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Pediatr Infect Dis J. 2012 Feb;31(2):145-9. doi: 10.1097/INF.0b013e31823aaeb3.

Prevalence and genetic diversity of nontypeable haemophilus influenzae in the respiratory tract of infants and primary caregivers.

Author information

1
Department of Pediatric Infectious Diseases, Boston University Medical Center, Boston, MA 02118, USA. Sandra.Schumacher@childrens.harvard.edu

Abstract

BACKGROUND:

Nontypeable Haemophilus influenzae (NTHi) causes otitis media, sinusitis, and likely lower respiratory tract infections in children. Colonization, strain diversity, transmission, and antimicrobial susceptibility have implications for both children and their caregivers.

METHODS:

For 13 months, we conducted a cross-sectional study of NTHi colonization. Upper respiratory tract cultures were performed in 273 infants and children 2 to 26 months of age and their primary caregivers. NTHi isolates were characterized by multilocus sequence typing (MLST), and antibiotic resistance was examined.

RESULTS:

Of the 273 infants, 44 (16.1%) were colonized with NTHi. Prevalence of NTHi varied from 14% in infants less than 6 months of age to 32% in infants between 19 and 26 months of age (P = 0.003). NTHi-colonized infants were more likely to attend day care (30% vs. 12%), have a recent respiratory infection (68% vs. 38%), have recently taken an antibiotic (27% vs. 9%), and have a primary caregiver who reported asthma (11% vs. 1%), compared with other infants (P < 0.01). In the 44 infants colonized with NTHi, we identified 33 different MLSTs. Of the 44 infant-primary caregiver dyads, 9 (20.5%) were colonized with NTHi, and 7 of these 9 shared identical NTHi strains. We also found beta-lactamase-negative NTHi with minimum inhibitory concentrations >2 μg/mL for amoxicillin and beta-lactamase-positive NTHi with minimum inhibitory concentrations >2 μg/mL for amoxicillin clavulanate.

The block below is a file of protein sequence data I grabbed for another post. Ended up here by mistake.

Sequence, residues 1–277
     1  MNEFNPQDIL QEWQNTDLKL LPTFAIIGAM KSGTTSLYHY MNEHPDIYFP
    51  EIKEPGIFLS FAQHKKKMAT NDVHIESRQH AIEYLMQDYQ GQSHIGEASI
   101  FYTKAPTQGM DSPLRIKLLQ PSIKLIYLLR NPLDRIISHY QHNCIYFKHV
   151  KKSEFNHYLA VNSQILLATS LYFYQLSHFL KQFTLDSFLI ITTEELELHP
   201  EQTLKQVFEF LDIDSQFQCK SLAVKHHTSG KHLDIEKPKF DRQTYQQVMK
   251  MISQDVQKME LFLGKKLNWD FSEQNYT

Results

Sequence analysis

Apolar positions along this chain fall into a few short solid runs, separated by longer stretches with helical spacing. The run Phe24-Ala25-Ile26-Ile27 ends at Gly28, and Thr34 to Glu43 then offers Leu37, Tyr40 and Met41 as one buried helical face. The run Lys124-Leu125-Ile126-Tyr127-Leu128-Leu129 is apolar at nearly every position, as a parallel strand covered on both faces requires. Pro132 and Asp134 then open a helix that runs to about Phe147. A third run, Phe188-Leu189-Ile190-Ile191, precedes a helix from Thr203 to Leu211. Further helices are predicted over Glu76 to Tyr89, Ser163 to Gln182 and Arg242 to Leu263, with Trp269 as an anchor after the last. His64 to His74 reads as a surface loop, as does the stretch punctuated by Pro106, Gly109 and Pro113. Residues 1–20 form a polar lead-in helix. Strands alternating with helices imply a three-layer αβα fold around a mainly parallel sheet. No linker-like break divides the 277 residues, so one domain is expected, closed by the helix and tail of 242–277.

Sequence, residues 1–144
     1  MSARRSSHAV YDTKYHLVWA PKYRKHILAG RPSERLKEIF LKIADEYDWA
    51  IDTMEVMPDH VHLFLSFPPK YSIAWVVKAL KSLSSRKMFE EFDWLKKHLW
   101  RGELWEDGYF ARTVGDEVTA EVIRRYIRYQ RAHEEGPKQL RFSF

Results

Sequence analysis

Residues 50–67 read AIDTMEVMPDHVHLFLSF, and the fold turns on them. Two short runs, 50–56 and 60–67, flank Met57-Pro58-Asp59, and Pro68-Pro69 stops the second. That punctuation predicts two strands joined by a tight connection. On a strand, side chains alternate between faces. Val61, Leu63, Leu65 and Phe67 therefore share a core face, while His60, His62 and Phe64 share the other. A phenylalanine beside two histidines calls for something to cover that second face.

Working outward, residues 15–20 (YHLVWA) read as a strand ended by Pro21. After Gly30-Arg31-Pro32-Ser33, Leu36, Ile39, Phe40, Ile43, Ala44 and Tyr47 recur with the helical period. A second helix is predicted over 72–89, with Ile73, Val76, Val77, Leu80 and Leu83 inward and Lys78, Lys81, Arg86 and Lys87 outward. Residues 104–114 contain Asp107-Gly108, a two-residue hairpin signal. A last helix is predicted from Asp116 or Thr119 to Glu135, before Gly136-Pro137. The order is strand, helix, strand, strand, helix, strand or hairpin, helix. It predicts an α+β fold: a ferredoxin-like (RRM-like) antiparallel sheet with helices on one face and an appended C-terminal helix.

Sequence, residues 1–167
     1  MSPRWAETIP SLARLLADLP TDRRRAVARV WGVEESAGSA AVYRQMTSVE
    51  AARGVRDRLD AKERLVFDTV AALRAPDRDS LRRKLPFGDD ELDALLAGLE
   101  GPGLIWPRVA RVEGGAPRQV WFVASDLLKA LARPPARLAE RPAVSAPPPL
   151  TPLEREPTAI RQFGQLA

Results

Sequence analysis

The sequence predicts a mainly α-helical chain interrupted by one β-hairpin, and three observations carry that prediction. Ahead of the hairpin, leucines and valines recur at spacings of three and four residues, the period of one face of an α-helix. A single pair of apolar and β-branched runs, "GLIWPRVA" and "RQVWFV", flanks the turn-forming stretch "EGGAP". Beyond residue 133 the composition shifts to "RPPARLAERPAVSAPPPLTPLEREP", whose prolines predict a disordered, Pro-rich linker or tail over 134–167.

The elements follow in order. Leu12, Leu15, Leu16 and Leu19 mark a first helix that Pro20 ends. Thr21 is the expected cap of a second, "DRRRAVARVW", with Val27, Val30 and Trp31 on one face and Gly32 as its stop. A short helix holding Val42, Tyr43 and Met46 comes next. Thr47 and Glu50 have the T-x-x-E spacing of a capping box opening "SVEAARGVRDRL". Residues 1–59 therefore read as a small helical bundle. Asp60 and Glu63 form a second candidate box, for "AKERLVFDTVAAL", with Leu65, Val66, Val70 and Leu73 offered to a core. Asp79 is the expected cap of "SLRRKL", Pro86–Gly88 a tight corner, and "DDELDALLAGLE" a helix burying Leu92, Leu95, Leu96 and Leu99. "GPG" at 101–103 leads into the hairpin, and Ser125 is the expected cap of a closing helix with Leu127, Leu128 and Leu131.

CONCLUSIONS:

We found substantial diversity by MLST analysis among NTHi isolates from this community. Infant-primary caregiver dyads usually carried the same strain of NTHi, suggesting that infant-primary caregiver transmission is occurring.

PMID:
22051860
PMCID:
PMC3261374
DOI:
10.1097/INF.0b013e31823aaeb3
[Indexed for MEDLINE]
Free PMC Article

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